Other industries seem to be going through similar innovative transformations (such as venture capital and market research firms) and it would be interesting to keep an eye on strategies employed by some of the larger, more established companies in order to keep up with disruptions in the field.
In the VC community, specifically in Boston, newer firms such as NextView Ventures, a firm that focuses on the seed stage round for Internet businesses, has grabbed the attention of young Internet-focused entrepreneurs, putting pressure on larger, legacy investment firms. Atlas Venture has trimmed the number of partners they have significantly in order to become more nimble in search for the right investments, emphasizing the importance of seed stage investments at the same time.
On a national level, we’ve seen more significant “disruptions” in the VC world such as Chamath Palihapitiya leaving one of the country's most established funds, the Mayfield Fund out in Silicon Valley, to start his own fund where he claims: “I’m trying to be as un-VC as possible”. Even founder of TechCrunch, Michael Arrington, jumped ship on his popular tech blog to tackle the investment industry with his own fund, aptly named the CrunchFund.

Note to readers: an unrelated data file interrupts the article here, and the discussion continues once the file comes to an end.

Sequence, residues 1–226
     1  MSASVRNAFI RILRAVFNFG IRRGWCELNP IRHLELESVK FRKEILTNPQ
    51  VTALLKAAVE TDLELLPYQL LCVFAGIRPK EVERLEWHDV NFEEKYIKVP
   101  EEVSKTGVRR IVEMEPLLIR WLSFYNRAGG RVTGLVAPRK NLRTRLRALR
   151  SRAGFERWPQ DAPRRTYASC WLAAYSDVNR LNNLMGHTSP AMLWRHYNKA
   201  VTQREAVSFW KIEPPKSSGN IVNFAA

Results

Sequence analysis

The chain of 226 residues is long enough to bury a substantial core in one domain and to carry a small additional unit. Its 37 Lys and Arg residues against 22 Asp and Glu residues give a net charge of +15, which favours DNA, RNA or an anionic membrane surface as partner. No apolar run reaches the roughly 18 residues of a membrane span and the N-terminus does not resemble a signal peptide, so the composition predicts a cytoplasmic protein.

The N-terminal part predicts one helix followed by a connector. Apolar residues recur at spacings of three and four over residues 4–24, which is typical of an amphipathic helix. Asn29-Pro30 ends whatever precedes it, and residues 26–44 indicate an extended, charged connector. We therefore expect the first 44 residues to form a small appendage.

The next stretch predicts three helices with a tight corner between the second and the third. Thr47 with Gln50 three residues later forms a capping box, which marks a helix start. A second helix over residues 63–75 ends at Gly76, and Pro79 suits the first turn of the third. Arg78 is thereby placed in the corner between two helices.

The question that remains is: how successful will these “disruptors” be at actually disrupting the investment ecosystem? And subsequently, what will the larger funds do in response, if these disruptors begin to pull business away? The three points @edwardboches brought up as to why the industry needs to innovate: to keep up with changing consumer behavior, to create new products and IP, and to assure long-term growth, are all relevant in the VC community. While not a perfect parallel to the advertising industry, the venture capital industry’s transformation might happen more quickly than other industries' transformation, making it one that will be worth keeping an eye on to see if specific strategies might apply to other fields.
I’d love to hear some of the thoughts on innovation from the MIMA Summit